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Here is the thing: MSE cost for a linear regression model is a convex function with one global optimum, and it can be solved efficiently using gradient descent or in closed form (SVD, normal eq. ....) . Also, we can approximate any function to any precision degree as a linear combination of Fourier bases with enough sine and/or cos terms. Now imagine we want to approximate f(x). instead of using x we use features based on Fourier bases. Then, find the coefficients of these bases using linear regression. So we can approximate any function to any degree by solving a convex function. Am I correct? What am I missing?

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    $\begingroup$ Any function can be approximated by a Fourier series? $\endgroup$
    – Dave
    Dec 6, 2023 at 15:27

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I'm lost on the Fourier part, as I'm pretty sure that then finding the minimum on the other space will be convex. However, on the first part "is a convex function with one global optimum", you are already wrong.

For example, you can build a $X$ such that you have a valley of solutions (aka non strictly convex function), just by duplicating a column, since any linear combination of the two identical one will be equally valid... let alone the case where you have more features than samples...

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  • $\begingroup$ let $y'=w^Tx$. find w such that $1/n\sum^n (w^Tx^{(i)}-y'^{(i)})$ is minimized. This, objective is convex, so has one optima (unless some in wired case). you can take derivative and obtain the solution as $(X^TX)^{-1}X^TY$ where X is the matrix of all samples and Y their corresponding targets. (you can find this in any ML book [deep learning by Goodfellow, reinforcement learning by Sutton, Hands-On Machine Learning by Aurelien, ...]). So the convex part is correct. Also, you can transfer your sample to a higher dimensional space where they can be linearly modeled. $\endgroup$
    – Reza_va
    Dec 6, 2023 at 13:03
  • $\begingroup$ @Reza_va you are assuming that $X^TX$ is invertible, which is, as I'm trying to tell you, definitely not always the case, and not being linearly separable is not one of such cases... note that I'm not saying that the "convex part" is wrong, but that "with one global minimum" is wrong... stats.stackexchange.com/questions/69442/… $\endgroup$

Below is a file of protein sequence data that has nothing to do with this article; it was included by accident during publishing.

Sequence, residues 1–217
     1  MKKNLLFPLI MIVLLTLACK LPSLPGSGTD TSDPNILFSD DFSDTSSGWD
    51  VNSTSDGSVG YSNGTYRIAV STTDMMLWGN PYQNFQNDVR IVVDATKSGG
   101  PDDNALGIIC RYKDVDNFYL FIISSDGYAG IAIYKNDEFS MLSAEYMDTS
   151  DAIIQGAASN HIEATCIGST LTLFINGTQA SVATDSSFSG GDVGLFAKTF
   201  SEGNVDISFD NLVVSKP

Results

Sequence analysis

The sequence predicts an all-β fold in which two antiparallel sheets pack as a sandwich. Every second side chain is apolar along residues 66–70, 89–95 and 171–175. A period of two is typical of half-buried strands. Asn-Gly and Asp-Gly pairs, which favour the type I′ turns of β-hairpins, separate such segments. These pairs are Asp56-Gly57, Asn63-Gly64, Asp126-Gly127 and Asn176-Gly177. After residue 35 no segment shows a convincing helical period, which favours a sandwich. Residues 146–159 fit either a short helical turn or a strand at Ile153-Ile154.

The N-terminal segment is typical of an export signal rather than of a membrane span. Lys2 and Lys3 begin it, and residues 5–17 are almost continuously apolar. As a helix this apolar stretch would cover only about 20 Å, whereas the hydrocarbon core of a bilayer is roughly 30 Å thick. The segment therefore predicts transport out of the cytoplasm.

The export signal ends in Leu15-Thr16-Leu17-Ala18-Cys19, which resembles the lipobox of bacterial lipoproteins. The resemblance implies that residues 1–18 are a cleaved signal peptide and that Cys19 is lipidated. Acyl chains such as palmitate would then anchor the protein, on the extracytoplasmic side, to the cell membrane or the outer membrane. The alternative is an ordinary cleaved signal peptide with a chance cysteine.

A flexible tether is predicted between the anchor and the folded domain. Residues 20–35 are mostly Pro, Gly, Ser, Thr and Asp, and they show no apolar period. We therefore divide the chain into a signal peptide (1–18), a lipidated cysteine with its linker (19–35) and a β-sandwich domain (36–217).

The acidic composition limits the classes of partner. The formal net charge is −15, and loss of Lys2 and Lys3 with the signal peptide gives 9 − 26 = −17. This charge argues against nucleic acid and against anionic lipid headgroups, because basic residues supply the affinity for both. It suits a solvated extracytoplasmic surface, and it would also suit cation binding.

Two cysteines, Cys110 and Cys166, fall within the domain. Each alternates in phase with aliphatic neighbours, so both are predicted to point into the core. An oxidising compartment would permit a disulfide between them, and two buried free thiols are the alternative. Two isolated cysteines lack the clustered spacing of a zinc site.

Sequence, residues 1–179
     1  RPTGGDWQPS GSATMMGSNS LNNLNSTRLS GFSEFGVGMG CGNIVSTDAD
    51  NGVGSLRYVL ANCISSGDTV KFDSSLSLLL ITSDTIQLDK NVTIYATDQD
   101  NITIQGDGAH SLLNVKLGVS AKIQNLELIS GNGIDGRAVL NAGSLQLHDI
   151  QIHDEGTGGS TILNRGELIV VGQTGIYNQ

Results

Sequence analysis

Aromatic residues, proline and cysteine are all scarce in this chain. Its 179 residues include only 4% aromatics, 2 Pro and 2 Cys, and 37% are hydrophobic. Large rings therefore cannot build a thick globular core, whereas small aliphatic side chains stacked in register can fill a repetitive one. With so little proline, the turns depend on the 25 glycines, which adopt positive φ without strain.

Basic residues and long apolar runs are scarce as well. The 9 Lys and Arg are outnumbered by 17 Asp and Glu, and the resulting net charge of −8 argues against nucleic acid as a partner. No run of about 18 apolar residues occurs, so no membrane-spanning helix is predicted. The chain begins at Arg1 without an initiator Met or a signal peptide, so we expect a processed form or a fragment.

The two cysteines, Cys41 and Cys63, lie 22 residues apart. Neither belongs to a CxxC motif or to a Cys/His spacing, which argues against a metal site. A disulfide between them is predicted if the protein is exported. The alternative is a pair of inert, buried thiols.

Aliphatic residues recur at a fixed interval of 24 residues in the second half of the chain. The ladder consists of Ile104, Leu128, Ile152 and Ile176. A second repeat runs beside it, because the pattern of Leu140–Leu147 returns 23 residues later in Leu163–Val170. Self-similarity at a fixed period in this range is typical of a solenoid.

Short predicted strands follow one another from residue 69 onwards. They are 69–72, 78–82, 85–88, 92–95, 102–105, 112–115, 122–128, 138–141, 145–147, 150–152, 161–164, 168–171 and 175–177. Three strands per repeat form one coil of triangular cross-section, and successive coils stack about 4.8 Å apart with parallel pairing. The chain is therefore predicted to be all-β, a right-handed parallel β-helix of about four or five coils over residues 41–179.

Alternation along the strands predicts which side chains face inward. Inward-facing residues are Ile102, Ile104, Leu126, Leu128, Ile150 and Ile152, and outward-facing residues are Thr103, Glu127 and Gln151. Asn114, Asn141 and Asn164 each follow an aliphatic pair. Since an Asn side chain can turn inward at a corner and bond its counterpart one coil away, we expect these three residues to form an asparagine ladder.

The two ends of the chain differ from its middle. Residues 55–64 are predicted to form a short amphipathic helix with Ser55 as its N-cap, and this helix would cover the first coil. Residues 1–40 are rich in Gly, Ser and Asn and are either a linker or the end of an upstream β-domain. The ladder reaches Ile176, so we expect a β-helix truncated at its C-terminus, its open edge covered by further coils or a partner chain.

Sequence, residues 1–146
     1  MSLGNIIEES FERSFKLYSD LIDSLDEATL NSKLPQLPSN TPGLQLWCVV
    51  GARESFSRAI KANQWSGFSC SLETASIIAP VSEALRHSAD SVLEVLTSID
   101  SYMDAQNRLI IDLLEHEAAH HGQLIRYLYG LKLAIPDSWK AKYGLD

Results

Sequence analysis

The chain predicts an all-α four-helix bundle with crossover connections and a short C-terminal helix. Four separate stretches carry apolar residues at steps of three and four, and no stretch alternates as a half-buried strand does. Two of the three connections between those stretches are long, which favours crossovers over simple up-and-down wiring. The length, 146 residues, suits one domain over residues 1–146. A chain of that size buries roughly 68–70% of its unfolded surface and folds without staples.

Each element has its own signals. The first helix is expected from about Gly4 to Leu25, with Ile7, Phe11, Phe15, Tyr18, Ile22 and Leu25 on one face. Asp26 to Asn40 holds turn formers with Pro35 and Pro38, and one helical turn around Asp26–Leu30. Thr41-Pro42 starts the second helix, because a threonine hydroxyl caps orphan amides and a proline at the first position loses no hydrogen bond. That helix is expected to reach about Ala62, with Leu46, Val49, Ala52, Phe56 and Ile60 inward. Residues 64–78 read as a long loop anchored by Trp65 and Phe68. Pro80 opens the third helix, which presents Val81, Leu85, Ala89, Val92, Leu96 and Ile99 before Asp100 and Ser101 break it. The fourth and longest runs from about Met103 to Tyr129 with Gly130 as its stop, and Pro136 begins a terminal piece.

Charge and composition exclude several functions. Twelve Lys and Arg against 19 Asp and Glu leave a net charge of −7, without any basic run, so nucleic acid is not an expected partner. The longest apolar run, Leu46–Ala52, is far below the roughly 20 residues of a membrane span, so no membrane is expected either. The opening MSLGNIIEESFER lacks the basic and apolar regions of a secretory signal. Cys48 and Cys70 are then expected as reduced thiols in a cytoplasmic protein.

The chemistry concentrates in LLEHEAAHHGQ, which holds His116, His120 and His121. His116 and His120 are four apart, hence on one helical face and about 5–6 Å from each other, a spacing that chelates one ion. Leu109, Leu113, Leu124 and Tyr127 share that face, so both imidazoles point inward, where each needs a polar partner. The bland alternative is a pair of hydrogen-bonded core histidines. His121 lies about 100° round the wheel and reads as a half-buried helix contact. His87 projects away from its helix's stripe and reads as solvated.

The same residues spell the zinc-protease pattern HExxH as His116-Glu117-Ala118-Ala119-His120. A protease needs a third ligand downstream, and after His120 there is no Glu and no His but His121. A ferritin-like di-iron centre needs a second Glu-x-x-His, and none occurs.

– Alberto
    Dec 6, 2023 at 17:27
  • $\begingroup$ @Reza_va or if you want, page for of web.stanford.edu/~mrosenfe/soc_meth_proj3/… directly from Stanford $\endgroup$
    – Alberto
    Dec 6, 2023 at 17:28
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According to the Fourier basis paper, which I think is what you're referencing to, you can approximate whatever periodic function as a summation of sine and cosine functions of proper frequency (i.e., the bases). You can do so, and you can put a linear model on top to learn the regression target. That model would still be linear so you can learn its parameters the usual way.

But there are two issues:

  1. The Fourier bases, $f(x)$, are non-linear in $x$ so, although the MSE cost is convex, the parameter shape should be not in general due the added non-linearity. But you can still optimize it and get a good local minima.
  2. The Fourier bases are still an approximation of the true (unknown) function that generates the features $x$, and may not work well for general (non-periodic) functions. So the more you approximate, the less accuracy you get in the overall linear model.

In general, consider that a linear model can only fit well linear functions and that if you want it to be an universal function approximator you need to be non-linear in the features, likewise using $f(x)$ instead of $x$. The fact is that you would get $\hat f(x)$, i.e., the approximated $f(x)$ instead, which should also be higher-dimensional than $x$. So, you're making your regression model more powerful but also more complex, and so the optimization process is not made simpler but probably even harder.

In conclusion, if you have a good $f(x)$ (likewise, a well pre-trained neural net, acting as feature extractor) your LR model is expected to improve compared to training directly on $x$, otherwise you would get similar or even worse performance.

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  • $\begingroup$ There is still linearity in the parameters (coefficients), so I do not agree with point $\#1$. $\endgroup$
    – Dave
    Dec 6, 2023 at 22:52
  • $\begingroup$ Periodic/ or bounded , i.e. f defined within [-l, l] (which is usually the case in the function approximation). Cause, for a given function f, defined in the interval -l < x < l, you can always assume that outside of this interval extended f is defined by f(x + 2l) = f(x), so that extended f has period 2l, and I agree with Dave in part 1. $\endgroup$
    – Reza_va
    Dec 7, 2023 at 4:10
  • $\begingroup$ @Dave Sure but each Fourier basis as defined in the paper, i.e., $\phi(x)_i=\cos(i\pi\cdot x)$, is still non-linear in $x$ due to the $\cos(.)$ function. Also you can have an arbitrary number of them to represent the features, e.g., $|x|=N$ and $|f(x)|=M$ where $M>N$. $\endgroup$ Dec 7, 2023 at 21:20
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    $\begingroup$ The linearity in $x$ is not what "linear" means in linear regression. The square loss function for the linear regression $\mathbb E[y] = \beta_0 + \beta_1 x + \beta_2 x^2$ is still convex, despite the curvature introduced by the quadratic term. $\endgroup$
    – Dave
    Dec 7, 2023 at 21:21

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